13 Easy to Prepare Sleep-Inducing Dinners

Medically reviewed by
 Carlene Thomas, RDN, LD

Carlene Thomas, RDN, LD

Carlene Thomas RDN holds a Bachelor of Science in Dietetics from James Madison University and completed her Dietetic Internship through Virginia Tech. She’s also a former president of the Virginia Academy of Nutrition and Dietetics. She is a cookbook author and works as a health writer, recipe developer, and food and beverage visual content creator on national health and culinary campaigns.

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By Rosie Osmun Certified Sleep Coach

Last Updated On August 22nd, 2023
13 Easy to Prepare Sleep-Inducing Dinners

Advice for better sleep typically focuses on evening habits like limiting electronics and keeping bedrooms comfortable, but there’s one important aspect you might be overlooking: dinner.

You’ve heard that you are what you eat, but what you eat may also affect how you sleep. In fact, you could be on the most comfortable mattress in the world but if you eat the wrong thing before trying to snooze, you can still spend your night tossing and turning.

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Certain nutrients are required by the body to carry out daily functions, including hormone regulation and neurotransmitter production when it comes to sleep. Other foods can impact physical comfort, affecting slumber by boosting your heart rate or causing indigestion.

The more we learn, the more significant the role of nutrition in sleep appears to be. Read on to see how diet and rest connect and what to eat at to nourish your body for more efficient sleep.

What Makes a Meal Good for Sleep?

While the relationships between sleep and nutrition are still being explored, there have been quite a few studies showing some interesting information worth considering. According to current research on diet and sleep, here’s what makes a snooze-supporting dinner:

  • It’s nutrient-rich. A large study Verified Source National Library of Medicine (NIH) World’s largest medical library, making biomedical data and information more accessible. View source of data on people’s diet and behaviors found several nutrients associated with better sleeping habits. People who slept both too little or too much were more likely to be deficient in things like alpha-carotene, lycopene, folate, thiamin, phosphorus, vitamins C and D, selenium, iron, zinc, dodecanoic (lauric) acid, theobromine, magnesium, choline, and potassium.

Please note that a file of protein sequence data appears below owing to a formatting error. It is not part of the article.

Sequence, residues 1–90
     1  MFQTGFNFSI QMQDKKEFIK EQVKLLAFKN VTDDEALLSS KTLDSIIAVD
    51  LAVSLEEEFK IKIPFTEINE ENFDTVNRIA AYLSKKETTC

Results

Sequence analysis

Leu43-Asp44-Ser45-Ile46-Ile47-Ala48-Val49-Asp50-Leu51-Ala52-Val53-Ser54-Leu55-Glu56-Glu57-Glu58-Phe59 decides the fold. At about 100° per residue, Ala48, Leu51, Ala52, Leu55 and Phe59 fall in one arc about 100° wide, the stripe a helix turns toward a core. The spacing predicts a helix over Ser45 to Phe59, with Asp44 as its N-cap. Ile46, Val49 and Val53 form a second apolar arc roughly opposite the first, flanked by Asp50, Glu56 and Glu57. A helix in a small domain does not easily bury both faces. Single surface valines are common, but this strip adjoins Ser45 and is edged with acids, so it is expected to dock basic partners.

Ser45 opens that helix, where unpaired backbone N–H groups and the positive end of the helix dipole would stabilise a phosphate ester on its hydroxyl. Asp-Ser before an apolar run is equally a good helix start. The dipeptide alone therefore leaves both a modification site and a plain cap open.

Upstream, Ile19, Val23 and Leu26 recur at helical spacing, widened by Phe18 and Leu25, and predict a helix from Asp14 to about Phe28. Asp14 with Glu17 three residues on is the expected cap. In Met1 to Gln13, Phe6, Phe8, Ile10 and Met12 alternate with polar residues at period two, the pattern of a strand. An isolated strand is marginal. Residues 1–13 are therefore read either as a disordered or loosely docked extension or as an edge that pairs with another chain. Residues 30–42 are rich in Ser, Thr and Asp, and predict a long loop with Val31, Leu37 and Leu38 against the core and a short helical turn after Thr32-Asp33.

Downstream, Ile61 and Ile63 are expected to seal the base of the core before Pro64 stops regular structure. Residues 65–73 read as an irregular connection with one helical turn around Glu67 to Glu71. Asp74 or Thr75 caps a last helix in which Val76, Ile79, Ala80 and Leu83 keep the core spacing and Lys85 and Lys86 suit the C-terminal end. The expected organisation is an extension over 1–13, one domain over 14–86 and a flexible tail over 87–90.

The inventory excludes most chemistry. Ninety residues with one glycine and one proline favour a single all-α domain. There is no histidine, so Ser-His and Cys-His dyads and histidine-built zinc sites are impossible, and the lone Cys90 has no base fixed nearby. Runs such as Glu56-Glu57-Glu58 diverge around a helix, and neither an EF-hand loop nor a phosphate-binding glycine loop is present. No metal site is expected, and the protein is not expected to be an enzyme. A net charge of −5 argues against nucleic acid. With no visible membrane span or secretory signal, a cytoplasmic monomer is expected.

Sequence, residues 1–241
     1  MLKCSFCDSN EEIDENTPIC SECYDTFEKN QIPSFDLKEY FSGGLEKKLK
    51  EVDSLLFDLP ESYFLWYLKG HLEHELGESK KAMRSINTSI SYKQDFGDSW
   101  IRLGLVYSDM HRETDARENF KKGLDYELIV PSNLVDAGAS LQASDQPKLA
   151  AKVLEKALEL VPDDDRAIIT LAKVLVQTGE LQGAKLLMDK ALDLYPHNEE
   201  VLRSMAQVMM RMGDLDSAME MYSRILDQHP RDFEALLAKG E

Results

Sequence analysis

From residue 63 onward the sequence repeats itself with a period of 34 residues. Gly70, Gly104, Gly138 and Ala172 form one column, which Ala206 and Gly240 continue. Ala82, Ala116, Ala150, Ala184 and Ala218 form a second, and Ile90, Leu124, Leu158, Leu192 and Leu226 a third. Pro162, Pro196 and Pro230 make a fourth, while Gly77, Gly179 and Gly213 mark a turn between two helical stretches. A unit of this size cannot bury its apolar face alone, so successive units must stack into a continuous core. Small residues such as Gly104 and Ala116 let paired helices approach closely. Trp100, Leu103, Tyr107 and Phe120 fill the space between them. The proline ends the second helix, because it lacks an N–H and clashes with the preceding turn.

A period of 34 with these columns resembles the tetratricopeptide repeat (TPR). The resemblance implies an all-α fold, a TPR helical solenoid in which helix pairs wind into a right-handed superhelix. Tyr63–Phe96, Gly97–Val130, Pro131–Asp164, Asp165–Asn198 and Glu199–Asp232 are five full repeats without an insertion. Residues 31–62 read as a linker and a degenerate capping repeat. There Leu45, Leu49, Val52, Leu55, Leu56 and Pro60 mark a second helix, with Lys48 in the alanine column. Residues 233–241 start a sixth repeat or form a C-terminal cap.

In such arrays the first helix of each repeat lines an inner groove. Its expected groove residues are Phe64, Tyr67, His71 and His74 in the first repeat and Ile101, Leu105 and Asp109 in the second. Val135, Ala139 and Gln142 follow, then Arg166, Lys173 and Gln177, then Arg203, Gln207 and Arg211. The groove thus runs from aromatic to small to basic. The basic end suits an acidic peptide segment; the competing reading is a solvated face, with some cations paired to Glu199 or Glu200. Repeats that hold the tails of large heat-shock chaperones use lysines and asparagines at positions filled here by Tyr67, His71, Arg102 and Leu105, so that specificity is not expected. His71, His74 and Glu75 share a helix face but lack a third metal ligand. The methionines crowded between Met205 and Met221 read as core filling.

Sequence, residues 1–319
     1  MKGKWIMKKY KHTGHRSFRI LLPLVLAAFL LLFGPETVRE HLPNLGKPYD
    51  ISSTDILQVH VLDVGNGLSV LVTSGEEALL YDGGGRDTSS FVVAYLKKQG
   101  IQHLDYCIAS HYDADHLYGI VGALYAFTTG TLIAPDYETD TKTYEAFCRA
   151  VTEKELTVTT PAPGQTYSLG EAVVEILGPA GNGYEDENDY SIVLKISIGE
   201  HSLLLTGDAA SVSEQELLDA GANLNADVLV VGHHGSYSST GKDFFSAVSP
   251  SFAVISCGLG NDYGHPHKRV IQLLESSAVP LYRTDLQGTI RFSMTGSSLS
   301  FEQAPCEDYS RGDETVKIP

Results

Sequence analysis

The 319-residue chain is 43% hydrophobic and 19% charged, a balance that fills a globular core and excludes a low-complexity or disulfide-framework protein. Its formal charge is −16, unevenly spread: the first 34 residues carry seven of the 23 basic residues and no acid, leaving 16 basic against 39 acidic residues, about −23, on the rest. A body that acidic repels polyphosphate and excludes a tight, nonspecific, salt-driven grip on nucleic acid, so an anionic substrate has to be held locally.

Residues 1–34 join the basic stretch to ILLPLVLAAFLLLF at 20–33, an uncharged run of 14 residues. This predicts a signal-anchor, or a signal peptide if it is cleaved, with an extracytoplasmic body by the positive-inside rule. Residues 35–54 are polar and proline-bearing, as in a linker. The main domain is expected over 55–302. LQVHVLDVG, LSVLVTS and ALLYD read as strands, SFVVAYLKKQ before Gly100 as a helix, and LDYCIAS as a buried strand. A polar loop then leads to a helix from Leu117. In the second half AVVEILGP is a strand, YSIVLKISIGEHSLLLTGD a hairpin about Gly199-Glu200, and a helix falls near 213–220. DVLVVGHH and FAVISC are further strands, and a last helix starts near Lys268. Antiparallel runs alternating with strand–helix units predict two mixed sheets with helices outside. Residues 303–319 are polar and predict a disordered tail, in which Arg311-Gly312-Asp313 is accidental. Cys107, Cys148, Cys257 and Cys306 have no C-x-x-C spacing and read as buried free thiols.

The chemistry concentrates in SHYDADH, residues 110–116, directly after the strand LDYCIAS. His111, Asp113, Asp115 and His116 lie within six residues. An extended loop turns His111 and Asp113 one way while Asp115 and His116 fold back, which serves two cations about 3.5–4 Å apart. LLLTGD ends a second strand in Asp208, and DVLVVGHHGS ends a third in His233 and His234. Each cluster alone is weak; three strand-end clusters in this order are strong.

• It includes variety. In the same study, normal, healthy sleepers ate the widest variety of foods. And, it makes sense as the more fruits, veggies, grains and proteins you eat, the larger scope of nutrients your body has access to.
  • It’s lean. Too much fat Verified Source National Library of Medicine (NIH) World’s largest medical library, making biomedical data and information more accessible. View source is associated with sleeping less. Fried foods and other high-fat meals may contribute to indigestion, Verified Source Cleveland Clinic Ranked #2 hospital by U.S. News & World Report and one of the largest academic medical centers in America. The Cleveland Clinic serves patients from all over the world. View source and they’re also linked with other conditions like high blood pressure which can further impact rest. Choose lean proteins at dinner, skip fried foods, keep oils minimal.
  • It’s balanced. Research shows that people on special diets Verified Source National Library of Medicine (NIH) World’s largest medical library, making biomedical data and information more accessible. View source (like low-carb, low-protein, low-calorie or high salt) are more likely to have sleep problems or abnormal sleep durations. For example, one Oxford study Verified Source Oxford Academic Research journal published by Oxford University. View source found that eating high glycemic index foods (specifically jasmine rice) four hours before bed had a positive effect on sleep, so cutting carbs completely at dinner may not be the best move if you have trouble sleeping.
  • It’s easy to digest. Foods like peppers, heavy meats, fibrous beans and for some people, dairy and cruciferous veggies, can all cause bloating and indigestion that makes settling into bed uncomfortable. ”To find out what foods are triggering worse sleep for you, consider keeping a food log for a few days.” recommends dietitian nutritionist Carlene Thomas RDN. “Avoid cutting out entire groups of food completely, just because they’re on a ‘list’. If broccoli doesn’t bother you, have at it!”
  • It’s not stimulating. Dinners should not include a lot of sugar or any caffeine sources, since both can leave you overly energized or alert. one National Institutes of Health study Verified Source National Library of Medicine (NIH) World’s largest medical library, making biomedical data and information more accessible. View source also says spicy food is a bad move, as it may raise body temperature and keep you from getting drowsy (body temperatures generally drop early in the sleep cycle).